Executive Summary:

The Senate Finance Committee met yesterday to discuss the status of the retiree pension fund and health care program. The committee received testimony from the Teacher Retirement System (TRS) of Texas as well as stakeholder groups, including the Texas Retired Teachers Association’s (TRTA) Executive Director, Tim Lee.

TRS reviewed the changes to the rate of return assumption that occurred in August 2018. TRS lowered the rate of return assumption from 8 percent to 7.25 percent. While the drop in rate of return assumption won’t impact the current amount that retirees are receiving, it will impact the potential for future cost-of-living increases.

TRS answered a variety of questions from the committee about this change. Sen. Joan Huffman (R – Houston) reviewed the change in detail, and discussed how it would take a $1.6 billion increase in state funding each biennium to make up for the lowered rate of return assumption. Huffman has proposed a bill, SB 393, which would increase contributions into the pension fund. SB 393 would generate the funding necessary to make up for the change by increasing funding from three sources: the state, school districts and active educators.

If SB 393 or a similar bill were to pass, the pension fund’s unfunded liabilities would be reduced to 19 years. With this type of influx in funding, the door would be open for Texas to provide a cost-of-living increase for retirees.

TRTA would like to see the state increase its base funding for the pension fund. Among non-mandatory Social Security states, Texas ranks last in its funding for the pension fund. TRS is the 13thlargest pension fund in the world. The state of Texas increasing its funding for the TRS pension fund would be a boon to retirees. Retirees live on modest fixed incomes, and 96 percent of Texas school districts don’t pay into Social Security. TRTA is encouraging its members to use #RAISETHEBASE when communicating with legislators on social media to raise awareness of this issue.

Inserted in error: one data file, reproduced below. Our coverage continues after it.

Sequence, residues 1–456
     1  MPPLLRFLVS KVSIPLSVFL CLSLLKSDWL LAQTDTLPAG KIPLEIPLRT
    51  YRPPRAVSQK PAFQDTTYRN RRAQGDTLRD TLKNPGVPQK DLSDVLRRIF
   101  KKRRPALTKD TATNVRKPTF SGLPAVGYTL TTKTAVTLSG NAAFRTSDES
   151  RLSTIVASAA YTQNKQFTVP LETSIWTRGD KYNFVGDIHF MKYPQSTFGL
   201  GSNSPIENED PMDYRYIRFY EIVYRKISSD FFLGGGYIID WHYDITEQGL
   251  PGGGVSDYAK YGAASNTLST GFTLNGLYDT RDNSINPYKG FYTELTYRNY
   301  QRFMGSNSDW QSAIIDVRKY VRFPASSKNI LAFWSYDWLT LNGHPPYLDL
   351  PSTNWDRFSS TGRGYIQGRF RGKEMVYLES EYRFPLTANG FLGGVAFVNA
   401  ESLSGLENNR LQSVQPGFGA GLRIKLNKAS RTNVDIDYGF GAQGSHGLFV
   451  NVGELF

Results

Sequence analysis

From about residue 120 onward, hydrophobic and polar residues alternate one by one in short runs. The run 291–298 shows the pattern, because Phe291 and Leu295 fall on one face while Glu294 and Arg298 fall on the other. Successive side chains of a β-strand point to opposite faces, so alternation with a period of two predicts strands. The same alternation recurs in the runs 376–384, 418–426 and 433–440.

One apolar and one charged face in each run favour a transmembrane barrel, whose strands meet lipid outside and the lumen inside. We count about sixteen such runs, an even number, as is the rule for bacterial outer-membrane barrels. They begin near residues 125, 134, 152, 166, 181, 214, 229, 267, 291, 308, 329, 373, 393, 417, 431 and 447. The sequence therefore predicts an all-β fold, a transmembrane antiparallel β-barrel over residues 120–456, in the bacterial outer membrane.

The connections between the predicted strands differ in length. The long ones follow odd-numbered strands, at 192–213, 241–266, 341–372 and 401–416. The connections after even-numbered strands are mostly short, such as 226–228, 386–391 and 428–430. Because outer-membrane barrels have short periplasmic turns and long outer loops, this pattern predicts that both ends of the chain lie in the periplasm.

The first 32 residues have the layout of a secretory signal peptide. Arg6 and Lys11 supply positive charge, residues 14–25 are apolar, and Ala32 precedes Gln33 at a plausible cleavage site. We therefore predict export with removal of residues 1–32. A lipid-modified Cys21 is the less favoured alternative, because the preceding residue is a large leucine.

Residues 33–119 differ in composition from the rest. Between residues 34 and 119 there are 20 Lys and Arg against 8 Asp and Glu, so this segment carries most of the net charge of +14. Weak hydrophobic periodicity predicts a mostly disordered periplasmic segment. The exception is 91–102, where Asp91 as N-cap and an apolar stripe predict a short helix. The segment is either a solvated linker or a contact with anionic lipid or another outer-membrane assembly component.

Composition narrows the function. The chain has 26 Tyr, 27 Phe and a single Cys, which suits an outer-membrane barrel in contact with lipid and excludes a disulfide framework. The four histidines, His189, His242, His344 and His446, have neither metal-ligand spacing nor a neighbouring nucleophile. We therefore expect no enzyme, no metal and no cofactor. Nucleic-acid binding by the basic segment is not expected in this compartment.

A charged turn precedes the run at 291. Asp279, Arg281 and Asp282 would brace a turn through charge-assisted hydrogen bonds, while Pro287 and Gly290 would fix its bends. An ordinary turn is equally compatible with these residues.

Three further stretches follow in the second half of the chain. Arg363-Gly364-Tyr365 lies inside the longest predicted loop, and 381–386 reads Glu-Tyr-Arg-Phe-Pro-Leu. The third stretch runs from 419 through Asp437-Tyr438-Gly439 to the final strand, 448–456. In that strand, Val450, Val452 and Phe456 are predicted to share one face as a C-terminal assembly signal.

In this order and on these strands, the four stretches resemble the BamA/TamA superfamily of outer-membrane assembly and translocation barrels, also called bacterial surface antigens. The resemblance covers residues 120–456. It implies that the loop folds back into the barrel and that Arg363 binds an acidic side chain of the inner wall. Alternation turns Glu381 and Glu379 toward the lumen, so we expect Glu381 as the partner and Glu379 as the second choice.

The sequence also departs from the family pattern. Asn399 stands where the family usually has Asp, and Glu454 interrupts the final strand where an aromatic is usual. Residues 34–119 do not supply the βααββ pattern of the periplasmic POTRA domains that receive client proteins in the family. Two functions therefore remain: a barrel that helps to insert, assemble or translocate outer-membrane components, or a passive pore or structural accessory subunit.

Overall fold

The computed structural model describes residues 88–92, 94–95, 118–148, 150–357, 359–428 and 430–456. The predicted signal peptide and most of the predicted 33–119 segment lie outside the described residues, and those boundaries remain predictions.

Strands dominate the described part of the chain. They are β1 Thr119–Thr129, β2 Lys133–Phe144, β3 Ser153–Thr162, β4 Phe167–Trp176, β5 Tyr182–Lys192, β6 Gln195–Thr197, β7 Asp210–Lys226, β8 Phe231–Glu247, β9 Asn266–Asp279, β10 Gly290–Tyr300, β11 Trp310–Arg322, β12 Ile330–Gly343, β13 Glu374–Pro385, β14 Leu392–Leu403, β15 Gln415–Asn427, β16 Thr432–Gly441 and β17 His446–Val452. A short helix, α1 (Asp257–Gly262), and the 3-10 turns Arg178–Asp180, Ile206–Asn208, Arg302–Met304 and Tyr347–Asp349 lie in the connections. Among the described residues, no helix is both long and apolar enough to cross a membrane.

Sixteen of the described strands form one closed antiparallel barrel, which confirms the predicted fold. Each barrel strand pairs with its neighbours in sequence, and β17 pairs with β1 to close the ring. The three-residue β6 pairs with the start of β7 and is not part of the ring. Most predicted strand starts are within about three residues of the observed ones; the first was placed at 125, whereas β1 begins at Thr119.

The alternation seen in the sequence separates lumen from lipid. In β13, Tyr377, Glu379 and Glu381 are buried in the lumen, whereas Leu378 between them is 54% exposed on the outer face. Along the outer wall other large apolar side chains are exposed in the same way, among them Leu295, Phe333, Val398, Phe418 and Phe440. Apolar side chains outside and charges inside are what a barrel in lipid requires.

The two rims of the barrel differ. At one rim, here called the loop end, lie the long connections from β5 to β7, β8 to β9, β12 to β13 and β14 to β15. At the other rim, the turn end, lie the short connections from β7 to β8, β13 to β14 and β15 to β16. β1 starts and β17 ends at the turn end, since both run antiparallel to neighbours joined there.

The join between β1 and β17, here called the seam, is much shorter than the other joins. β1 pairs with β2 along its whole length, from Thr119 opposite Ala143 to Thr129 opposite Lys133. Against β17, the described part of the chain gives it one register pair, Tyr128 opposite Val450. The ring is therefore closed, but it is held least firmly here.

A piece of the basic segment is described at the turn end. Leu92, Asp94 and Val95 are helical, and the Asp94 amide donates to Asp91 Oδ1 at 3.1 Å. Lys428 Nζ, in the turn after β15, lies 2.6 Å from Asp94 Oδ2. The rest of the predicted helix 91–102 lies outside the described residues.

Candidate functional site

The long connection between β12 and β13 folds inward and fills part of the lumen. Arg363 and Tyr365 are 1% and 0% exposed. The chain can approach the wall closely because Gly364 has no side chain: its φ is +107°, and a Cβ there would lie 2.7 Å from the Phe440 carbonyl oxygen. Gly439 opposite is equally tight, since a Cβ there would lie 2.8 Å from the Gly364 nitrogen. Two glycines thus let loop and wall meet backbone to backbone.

TRTA Executive Director Tim Lee explained the necessity of adding funding for the TRS pension fund and more permanent funding for TRS-Care. TRS-Care has another shortfall; and while the current shortfall–$214 million–is smaller than in previous years, a larger shortfall looms again in the next biennium that could reach $1 billion if nothing is done to address the program’s permanent funding structure.

“Health care is eating us alive with these costs,” Lee said of retirees’ plight.

You may view Lee’s presentation here.

It will be critical for the Legislature to address TRS-Care’s long-term solvency if it wants to avoid a repeat of last session’s additional burden to retiree health care costs.

Lee discussed both funding issues for the health care plan and the pension fund on his weekly “Facebook Friday” episode, which is available here. Be sure to tune every Friday in as Lee addresses the latest updates on retiree issues during the 86thLegislative Session.